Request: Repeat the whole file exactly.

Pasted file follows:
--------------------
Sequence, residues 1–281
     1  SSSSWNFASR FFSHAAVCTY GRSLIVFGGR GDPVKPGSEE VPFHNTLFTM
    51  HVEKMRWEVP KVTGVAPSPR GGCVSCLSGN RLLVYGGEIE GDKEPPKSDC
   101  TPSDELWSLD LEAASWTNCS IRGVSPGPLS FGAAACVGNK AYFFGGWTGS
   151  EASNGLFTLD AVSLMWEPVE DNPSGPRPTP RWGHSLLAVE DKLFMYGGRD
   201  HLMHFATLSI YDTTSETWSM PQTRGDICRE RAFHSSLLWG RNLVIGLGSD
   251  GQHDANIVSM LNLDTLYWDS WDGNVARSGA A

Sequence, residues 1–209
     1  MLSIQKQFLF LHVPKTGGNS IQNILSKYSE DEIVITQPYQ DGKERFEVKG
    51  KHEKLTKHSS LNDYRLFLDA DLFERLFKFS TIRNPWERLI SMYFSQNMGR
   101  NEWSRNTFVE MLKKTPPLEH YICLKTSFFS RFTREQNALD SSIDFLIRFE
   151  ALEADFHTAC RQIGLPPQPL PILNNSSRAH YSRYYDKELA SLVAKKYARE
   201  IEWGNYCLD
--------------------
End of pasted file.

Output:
Sequence, residues 1–281
     1  SSSSWNFASR FFSHAAVCTY GRSLIVFGGR GDPVKPGSEE VPFHNTLFTM
    51  HVEKMRWEVP KVTGVAPSPR GGCVSCLSGN RLLVYGGEIE GDKEPPKSDC
   101  TPSDELWSLD LEAASWTNCS IRGVSPGPLS FGAAACVGNK AYFFGGWTGS
   151  EASNGLFTLD AVSLMWEPVE DNPSGPRPTP RWGHSLLAVE DKLFMYGGRD
   201  HLMHFATLSI YDTTSETWSM PQTRGDICRE RAFHSSLLWG RNLVIGLGSD
   251  GQHDANIVSM LNLDTLYWDS WDGNVARSGA A

Sequence, residues 1–209
     1  MLSIQKQFLF LHVPKTGGNS IQNILSKYSE DEIVITQPYQ DGKERFEVKG
    51  KHEKLTKHSS LNDYRLFLDA DLFERLFKFS TIRNPWERLI SMYFSQNMGR
   101  NEWSRNTFVE MLKKTPPLEH YICLKTSFFS RFTREQNALD SSIDFLIRFE
   151  ALEADFHTAC RQIGLPPQPL PILNNSSRAH YSRYYDKELA SLVAKKYARE
   201  IEWGNYCLD